New York City’s mayor Mike Bloomberg may be laissez faire when it comes to the city’s big business interests, but if you want to have a cigarette or buy a large soda, then he’s all up in your shit.
The city controversially banned smoking in a large swath of outdoor places late last year, and now Bloomberg is coming for your Pepsi. The nanny state mayor is sticking his bossy nose into your fast food meals and theater-going experiencing, deciding that because sixteen ounces of soda is sufficient for him, everyone else should never want to consume an ounce more of soda despite the fact the other eight million people living in New York City don’t have tuxedoed butlers to drive us from destination to destination and rather have to rely on the city’s sweltering and swamplike subways to get places.
Yeah, sixteen ounces of beverage may seem like a lot, but if you’ve just had to spend an hour on a 90+ degree F train and run up and down several flights of stairs on the filthy platforms then screw you if you want to tell me how much soda to drink. Anyway, Bloomberg thinks he’s all of our dads, and the New York Times quotes the mayor as indicating that New York City residents totally want him to tell them how much Coke is too much Coke:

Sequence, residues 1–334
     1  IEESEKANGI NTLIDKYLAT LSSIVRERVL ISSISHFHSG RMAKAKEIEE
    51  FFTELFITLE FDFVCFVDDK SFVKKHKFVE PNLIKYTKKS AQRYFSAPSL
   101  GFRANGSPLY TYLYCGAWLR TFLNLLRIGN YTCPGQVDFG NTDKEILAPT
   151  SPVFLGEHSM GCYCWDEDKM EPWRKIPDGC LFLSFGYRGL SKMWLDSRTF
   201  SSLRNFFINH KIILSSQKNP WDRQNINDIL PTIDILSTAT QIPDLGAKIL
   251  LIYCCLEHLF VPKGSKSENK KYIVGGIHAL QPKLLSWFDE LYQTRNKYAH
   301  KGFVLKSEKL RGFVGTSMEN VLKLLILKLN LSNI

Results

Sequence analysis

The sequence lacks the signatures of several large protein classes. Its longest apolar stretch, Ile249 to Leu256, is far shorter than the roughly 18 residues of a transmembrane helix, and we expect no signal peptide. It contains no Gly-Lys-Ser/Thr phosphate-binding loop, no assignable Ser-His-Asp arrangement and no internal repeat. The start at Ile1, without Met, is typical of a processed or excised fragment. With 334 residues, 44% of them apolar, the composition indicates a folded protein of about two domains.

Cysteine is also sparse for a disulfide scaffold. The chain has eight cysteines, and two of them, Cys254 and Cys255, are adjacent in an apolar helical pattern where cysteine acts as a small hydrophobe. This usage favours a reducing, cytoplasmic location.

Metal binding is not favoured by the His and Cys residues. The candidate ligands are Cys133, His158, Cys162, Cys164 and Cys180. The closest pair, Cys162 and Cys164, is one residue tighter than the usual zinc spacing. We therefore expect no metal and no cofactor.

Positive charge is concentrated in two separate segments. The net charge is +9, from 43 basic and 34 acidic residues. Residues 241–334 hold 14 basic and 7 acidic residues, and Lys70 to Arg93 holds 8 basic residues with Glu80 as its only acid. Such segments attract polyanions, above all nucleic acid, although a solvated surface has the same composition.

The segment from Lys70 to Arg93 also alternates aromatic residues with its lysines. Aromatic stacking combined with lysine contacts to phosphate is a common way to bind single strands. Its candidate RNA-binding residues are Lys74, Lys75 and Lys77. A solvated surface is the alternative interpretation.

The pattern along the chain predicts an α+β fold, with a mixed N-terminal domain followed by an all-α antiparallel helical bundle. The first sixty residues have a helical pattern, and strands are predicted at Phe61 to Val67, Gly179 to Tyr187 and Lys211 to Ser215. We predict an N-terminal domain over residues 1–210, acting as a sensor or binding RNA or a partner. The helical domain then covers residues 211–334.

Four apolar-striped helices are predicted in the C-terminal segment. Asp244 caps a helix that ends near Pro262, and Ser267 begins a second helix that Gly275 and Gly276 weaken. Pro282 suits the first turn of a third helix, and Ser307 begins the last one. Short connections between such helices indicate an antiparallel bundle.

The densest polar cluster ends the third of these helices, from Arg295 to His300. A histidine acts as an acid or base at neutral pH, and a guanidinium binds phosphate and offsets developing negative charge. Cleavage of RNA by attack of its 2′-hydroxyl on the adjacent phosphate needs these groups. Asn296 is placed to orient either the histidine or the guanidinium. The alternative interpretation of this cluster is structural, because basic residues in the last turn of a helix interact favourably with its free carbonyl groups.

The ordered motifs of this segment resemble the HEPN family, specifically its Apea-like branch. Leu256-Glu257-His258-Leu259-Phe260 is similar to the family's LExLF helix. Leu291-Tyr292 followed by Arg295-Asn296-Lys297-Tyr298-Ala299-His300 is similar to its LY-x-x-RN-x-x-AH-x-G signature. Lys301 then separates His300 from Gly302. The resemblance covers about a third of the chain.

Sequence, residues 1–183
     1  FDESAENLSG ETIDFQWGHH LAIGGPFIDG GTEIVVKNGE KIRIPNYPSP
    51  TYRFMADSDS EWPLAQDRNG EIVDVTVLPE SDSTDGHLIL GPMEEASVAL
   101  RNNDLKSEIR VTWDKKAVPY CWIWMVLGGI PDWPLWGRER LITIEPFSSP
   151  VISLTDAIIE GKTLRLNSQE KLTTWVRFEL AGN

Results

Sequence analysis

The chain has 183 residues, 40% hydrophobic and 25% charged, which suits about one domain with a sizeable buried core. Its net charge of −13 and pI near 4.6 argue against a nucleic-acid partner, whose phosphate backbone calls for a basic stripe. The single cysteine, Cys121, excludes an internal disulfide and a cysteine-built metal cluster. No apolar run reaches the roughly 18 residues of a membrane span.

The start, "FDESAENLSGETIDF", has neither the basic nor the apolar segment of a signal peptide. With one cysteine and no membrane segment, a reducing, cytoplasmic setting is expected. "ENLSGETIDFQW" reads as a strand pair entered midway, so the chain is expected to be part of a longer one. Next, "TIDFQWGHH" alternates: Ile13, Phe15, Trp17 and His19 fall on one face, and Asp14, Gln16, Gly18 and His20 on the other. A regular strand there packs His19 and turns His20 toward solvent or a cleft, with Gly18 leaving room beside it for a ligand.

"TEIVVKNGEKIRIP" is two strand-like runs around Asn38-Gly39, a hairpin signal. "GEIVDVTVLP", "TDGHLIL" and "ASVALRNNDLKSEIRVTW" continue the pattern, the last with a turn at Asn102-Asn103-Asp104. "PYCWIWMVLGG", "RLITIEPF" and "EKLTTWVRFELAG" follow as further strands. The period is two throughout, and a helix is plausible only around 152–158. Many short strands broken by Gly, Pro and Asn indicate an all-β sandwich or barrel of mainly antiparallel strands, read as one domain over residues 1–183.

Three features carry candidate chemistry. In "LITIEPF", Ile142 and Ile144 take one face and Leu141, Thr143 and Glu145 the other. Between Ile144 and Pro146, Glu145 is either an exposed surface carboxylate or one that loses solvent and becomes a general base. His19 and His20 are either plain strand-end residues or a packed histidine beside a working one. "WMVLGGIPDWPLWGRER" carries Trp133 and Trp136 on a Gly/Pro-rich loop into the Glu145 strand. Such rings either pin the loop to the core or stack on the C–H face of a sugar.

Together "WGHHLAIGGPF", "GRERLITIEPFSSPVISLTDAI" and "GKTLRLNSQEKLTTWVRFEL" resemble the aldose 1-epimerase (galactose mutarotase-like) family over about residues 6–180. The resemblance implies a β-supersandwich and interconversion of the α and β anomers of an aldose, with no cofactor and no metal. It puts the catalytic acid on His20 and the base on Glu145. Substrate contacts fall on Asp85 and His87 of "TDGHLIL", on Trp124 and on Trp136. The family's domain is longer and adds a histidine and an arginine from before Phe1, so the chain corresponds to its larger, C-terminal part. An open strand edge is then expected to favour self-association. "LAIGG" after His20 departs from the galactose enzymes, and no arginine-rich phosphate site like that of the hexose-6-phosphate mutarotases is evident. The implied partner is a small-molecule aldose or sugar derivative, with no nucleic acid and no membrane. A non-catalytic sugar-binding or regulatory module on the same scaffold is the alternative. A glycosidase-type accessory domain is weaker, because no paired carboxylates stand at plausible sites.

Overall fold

“Obesity is a nationwide problem, and all over the United States, public health officials are wringing their hands saying, ‘Oh, this is terrible,’ …New York City is not about wringing your hands; it’s about doing something. I think that’s what the public wants the mayor to do.”
Basically, any fountain soda would be affected by the proposed ban- a ban thought to be likely to pass since the Board of Health has to vote on it for it to go through, and guess who appointed all those guys? Soda trade groups are opposed to the ban, telling the Times:
“The New York City health department’s unhealthy obsession with attacking soft drinks is again pushing them over the top. It’s time for serious health professionals to move on and seek solutions that are going to actually curb obesity. These zealous proposals just distract from the hard work that needs to be done on this front.”
The New York City soda ban could go into effect as soon as March, and diet sodas wouldn’t be affected by the draconian rule.